The Electromagnetic Field Regulations
The Safety, Health and Welfare at Work (Electromagnetic Fields) Regulations 2016 were introduced in order to increase awareness and reduce the risk of exposure to electromagnetic fields in workplaces. In our consulting and legal compliance work, Antaris has identified this as an area which may require further explanation for some companies. This blog is designed to provide an overview of the hazards and the potential risks associated with electromagnetic fields (EMF).
Electromagnetic fields are the basis for many technologies delivering motive force or generating electricity. Motors and electricity generators use EMF technology. Welders, switch boards, switch gear, high voltage, high current applications such as transformers may be associated with strong enough electromagnetic fields to cause a significant effect in humans. Direct biophysical effects occur in the human body as a direct result of its presence in an electromagnetic field. They include thermal effects, such as tissue heating, and non-thermal effects like the stimulation of muscles, nerves or sensory organs. It includes indirect effects such as those that are caused by the presence of an object, for example cardiac pacemakers and other implants, in an electromagnetic field and which could become a safety or health hazard.
The Regulations set out exposure limit values, based on biophysical and biological considerations, to protect workers from adverse health and sensory effects. Action levels are also set to identify when relevant protection or prevention measures should be taken. Various obligations are imposed on employers. They must ensure that exposure of employees to electromagnetic fields remains within the limits set by the Regulations. If these are exceeded, they must take immediate preventive action. However, exemptions exist whereby levels may be exceeded under certain very strict conditions.
In general, employers must ensure that risks from electromagnetic fields at work are eliminated or reduced as much as possible. Regular risk and exposure assessments and use of practical guides can help to ensure this. Where risks to workers’ health are identified, employers must have an action plan of protection and preventive measures. This can include technical and/or organisational measures, especially for workers at particular risk. The legislation also requires health monitoring to prevent, or diagnose early on, any adverse health effects. If excessive exposure is detected employers must provide appropriate medical examinations or individual health monitoring in accordance with national law and practice.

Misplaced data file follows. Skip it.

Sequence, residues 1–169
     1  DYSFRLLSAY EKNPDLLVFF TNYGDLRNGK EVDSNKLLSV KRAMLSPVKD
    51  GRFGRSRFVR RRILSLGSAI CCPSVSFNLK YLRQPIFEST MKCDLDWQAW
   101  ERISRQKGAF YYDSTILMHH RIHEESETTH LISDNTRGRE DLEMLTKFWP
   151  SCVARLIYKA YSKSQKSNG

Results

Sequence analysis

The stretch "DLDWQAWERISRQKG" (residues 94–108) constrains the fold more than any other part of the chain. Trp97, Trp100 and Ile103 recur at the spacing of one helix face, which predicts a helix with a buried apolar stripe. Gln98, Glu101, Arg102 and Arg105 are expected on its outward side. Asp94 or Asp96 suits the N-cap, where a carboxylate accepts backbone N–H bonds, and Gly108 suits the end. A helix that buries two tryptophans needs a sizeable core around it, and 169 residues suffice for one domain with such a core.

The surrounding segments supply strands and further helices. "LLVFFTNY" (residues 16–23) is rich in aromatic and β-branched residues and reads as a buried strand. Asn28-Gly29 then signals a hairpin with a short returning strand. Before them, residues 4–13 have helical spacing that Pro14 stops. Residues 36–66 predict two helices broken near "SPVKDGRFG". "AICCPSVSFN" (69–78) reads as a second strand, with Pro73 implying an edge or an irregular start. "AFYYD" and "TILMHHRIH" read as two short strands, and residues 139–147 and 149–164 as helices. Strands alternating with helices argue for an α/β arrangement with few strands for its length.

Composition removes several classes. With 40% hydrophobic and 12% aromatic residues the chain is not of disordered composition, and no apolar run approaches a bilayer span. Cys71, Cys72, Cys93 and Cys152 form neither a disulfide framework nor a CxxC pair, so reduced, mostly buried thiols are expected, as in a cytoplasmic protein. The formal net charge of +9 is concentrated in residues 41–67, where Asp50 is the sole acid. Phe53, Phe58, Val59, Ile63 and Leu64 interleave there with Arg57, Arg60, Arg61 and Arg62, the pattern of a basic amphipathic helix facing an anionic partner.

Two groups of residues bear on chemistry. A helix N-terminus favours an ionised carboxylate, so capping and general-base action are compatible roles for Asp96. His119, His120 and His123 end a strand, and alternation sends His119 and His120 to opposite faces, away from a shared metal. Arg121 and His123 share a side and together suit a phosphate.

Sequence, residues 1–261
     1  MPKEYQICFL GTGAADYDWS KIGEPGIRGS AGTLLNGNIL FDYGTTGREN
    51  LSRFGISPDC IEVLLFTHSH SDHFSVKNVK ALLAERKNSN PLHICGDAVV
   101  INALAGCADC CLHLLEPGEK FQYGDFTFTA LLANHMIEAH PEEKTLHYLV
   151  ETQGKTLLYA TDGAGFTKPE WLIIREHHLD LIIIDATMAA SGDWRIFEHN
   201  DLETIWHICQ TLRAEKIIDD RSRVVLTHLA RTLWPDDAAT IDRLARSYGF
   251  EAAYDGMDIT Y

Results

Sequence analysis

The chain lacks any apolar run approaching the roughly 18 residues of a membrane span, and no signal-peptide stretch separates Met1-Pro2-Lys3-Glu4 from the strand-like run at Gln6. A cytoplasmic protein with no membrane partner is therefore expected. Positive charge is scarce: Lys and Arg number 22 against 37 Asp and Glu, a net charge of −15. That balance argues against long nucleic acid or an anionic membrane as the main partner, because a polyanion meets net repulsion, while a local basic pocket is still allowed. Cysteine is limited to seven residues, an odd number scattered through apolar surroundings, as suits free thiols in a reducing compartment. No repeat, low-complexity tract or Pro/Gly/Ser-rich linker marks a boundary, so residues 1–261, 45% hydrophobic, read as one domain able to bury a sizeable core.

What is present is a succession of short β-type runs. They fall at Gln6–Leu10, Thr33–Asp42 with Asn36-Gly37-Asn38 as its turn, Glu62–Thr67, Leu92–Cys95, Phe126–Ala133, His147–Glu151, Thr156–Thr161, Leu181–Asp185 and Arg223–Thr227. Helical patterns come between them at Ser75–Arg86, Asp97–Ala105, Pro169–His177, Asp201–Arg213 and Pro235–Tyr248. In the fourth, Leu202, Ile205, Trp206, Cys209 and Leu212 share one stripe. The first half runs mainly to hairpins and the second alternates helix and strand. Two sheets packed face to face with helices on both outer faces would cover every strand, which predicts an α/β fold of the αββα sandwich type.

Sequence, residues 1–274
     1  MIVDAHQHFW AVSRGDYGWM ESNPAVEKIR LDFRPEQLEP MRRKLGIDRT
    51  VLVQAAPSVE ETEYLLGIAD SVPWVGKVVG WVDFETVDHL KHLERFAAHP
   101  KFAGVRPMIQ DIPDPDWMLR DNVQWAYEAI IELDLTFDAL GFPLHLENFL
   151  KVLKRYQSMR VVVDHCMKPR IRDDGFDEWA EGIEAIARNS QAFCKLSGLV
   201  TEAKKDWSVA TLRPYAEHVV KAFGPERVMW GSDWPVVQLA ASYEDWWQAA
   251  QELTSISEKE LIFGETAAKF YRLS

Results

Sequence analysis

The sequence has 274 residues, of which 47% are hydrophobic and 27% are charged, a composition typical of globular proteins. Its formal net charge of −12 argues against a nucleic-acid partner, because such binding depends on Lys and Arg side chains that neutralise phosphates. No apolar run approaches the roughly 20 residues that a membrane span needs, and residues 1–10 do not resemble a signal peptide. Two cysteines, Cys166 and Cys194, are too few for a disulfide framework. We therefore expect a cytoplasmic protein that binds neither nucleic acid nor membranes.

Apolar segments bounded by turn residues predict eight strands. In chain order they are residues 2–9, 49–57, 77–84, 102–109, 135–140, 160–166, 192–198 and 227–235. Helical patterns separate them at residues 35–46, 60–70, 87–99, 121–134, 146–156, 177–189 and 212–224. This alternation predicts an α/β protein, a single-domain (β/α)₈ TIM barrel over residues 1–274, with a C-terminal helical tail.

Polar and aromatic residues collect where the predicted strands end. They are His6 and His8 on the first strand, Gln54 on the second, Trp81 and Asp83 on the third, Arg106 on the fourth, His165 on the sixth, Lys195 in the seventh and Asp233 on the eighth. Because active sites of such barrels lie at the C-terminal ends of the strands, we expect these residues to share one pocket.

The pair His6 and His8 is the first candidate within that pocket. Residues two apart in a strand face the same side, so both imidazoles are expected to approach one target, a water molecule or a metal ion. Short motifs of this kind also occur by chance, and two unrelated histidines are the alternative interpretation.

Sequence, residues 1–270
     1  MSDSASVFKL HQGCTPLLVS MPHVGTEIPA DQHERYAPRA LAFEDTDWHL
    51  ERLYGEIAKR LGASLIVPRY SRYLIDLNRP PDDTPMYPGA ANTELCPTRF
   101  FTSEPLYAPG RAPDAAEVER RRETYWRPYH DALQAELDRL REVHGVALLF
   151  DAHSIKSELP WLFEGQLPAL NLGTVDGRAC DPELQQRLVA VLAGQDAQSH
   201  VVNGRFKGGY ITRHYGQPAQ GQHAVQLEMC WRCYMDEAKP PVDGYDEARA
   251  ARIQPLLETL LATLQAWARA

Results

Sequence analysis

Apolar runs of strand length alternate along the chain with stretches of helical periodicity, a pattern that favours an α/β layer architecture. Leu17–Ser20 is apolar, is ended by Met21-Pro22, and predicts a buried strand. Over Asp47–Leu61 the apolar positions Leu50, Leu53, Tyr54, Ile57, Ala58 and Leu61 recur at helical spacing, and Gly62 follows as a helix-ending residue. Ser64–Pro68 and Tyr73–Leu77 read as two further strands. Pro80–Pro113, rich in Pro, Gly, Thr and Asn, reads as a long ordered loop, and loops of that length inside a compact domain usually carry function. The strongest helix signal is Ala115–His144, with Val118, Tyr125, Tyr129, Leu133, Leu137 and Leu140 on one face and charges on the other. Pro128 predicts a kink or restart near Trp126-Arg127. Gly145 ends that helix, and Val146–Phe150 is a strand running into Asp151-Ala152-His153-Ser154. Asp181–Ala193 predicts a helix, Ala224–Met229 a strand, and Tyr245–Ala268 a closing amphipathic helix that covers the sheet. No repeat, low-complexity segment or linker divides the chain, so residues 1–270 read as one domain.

In practice, most employers will have some potential exposures due to fixed electromagnetic fields installations on site, and some exposures due to periodic equipment use or maintenance. Typical equipment which has the capacity to cause effects in humans include:
- high voltage and current electrical installations (over 100 Amps)
- high powered magnets (such as those used for de-Gaussing electronic data storage media)
- manual resistance welding
- work on generators
- manual metal arc welding processes
- industrial battery chargers
- machine tools (for example pedestal drills, grinders, lathes, milling machines, saws)
- use of tools (electric handheld and transportable e.g. drills, sanders, circular saws, and angle grinders)
- work near construction equipment (e.g. concrete mixers, vibrators, cranes, etc)
- radios, two-way (for example walkie-talkies, vehicle radios)
The HSA has provided guidance on the level of risk for specific groups of employees. This is summarised in the following generic risk assessment form:
For additional references check the section Occupational Exposure on the Pegasus Legal Register where you will find Safety, Health and Welfare at Work (Electromagnetic Fields) Regulations 2016.